During the late 2000s, Dynegy filed a suit of its own. It alleged that the plants had been overvalued and thus that it had paid more in taxes to Orange County, the Town of Newburgh and the Marlboro school district than it should have. The exact reasons for the alleged overvaluation remained confidential as a result of a judge's gag order in the case in order to protect Dynegy's proprietary information regarding the plant. It was later settled, resulting in an increase in local property taxes, particularly in the school district.
- "Existing Electric Generating Units in the United States, 2008" (Excel). Energy Information Administration, U.S. Department of Energy. 2008. Retrieved 2009-11-28.
- Mumford, Warren (May 17, 2007). "History: Danskammer Point Light". Village of Cornwall on Hudson. Retrieved November 21, 2007.
- "Central Hudson Closes Sale on Roseton and Danskammer Generating Plants; Divestiture Means Immediate Changes in Customer Bills" (Press release). Business Wire. January 30, 2001. Retrieved November 21, 2009.
- McCartney, Richard (October 15, 2006). "Designing and upgrading plants to blend coal". Tradefair Group. Retrieved November 21, 2009. "Danskammer Generating Station. This plant in Roseton, N.Y., used to receive all of its coal by unit trains. A self-unloading coal-receiving system capable of handling ships as heavy as 30,000 dwt (deadweight tons) was added to enable deliveries of coal from the Hudson River"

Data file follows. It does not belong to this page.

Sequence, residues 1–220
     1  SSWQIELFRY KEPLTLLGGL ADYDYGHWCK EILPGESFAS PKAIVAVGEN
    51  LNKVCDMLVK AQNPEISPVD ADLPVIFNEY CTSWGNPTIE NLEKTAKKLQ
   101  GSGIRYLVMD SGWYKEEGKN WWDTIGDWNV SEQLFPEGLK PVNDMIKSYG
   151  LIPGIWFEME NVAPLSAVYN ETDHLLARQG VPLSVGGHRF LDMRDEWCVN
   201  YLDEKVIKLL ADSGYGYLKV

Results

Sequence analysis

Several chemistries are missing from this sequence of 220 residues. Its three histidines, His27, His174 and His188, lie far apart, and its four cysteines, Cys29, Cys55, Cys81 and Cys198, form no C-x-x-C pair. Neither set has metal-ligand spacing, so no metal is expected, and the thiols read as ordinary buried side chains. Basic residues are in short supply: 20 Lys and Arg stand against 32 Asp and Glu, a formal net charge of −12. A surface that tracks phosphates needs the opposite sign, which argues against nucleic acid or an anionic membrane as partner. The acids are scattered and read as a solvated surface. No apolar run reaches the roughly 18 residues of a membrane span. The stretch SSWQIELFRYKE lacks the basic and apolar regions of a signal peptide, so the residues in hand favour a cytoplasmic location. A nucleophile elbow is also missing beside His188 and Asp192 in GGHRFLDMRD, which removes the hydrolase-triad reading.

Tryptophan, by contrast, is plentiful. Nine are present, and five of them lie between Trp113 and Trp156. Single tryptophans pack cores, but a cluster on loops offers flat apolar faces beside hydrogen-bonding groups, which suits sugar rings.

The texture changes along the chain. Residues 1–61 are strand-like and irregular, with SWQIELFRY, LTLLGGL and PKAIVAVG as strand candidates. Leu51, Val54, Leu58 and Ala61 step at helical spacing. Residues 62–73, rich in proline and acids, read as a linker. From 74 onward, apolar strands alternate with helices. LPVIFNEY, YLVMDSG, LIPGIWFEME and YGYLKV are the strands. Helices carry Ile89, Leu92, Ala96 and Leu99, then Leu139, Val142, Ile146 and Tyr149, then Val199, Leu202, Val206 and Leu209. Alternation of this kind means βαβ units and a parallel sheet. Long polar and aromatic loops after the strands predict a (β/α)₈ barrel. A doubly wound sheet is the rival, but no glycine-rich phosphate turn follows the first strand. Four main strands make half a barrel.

- Hall, Wayne (July 11, 2002). "Newburgh plant one of N.Y.'s top 10 polluters". Ottaway Community Newspapers. Retrieved November 21, 2009.
- "Danskammer permit voided". Associated Press. October 1, 2004. Retrieved November 21, 2009.
- "Environmentalists fail in suit vs. Danskammer". Times-Herald Record (Ottaway Community Newspapers). April 21, 2006. Retrieved November 21, 2009.
- Crotty, Erin (October 1, 2002). "Danskammer Electric Generating Plant - Commissioner's Ruling, October 1, 2002". New York State Department of Environmental Conservation. Retrieved November 21, 2009.
- Bruno, Greg (July 27, 2006). "Suit questions Danskammer's cooling system". Times-Herald Record (Ottaway Community Newspapers). Retrieved November 21, 2009.
- Reiss, Warren (November 11, 2007). "Cool it on the Hudson". The New York Times (The New York Times Company). Retrieved November 21, 2009.
- Bruno, Greg (August 3, 2006). "Dynegy power plant vs. Hudson River life". Times-Herald Record (Ottaway Community Newspapers). Retrieved November 21, 2009.
- Ross, Carrie (November 13, 2008). "Hitting the ceiling". Woodstock Times (Ulster Publishing). Retrieved November 21, 2009. "The question: What could be done about the steep increase in school taxes in the aftermath of the $40 million Dynegy settlement and a $20 million dollar high school building bond, causing school taxes to skyrocket more than 40 percent for many this year."